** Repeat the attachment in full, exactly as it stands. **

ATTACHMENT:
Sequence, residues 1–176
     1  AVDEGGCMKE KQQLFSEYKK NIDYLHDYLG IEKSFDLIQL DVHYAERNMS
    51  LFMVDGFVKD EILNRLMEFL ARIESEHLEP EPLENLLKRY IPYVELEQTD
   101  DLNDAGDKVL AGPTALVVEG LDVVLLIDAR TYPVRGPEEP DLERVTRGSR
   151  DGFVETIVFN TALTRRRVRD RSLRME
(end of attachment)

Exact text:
Sequence, residues 1–176
     1  AVDEGGCMKE KQQLFSEYKK NIDYLHDYLG IEKSFDLIQL DVHYAERNMS
    51  LFMVDGFVKD EILNRLMEFL ARIESEHLEP EPLENLLKRY IPYVELEQTD
   101  DLNDAGDKVL AGPTALVVEG LDVVLLIDAR TYPVRGPEEP DLERVTRGSR
   151  DGFVETIVFN TALTRRRVRD RSLRME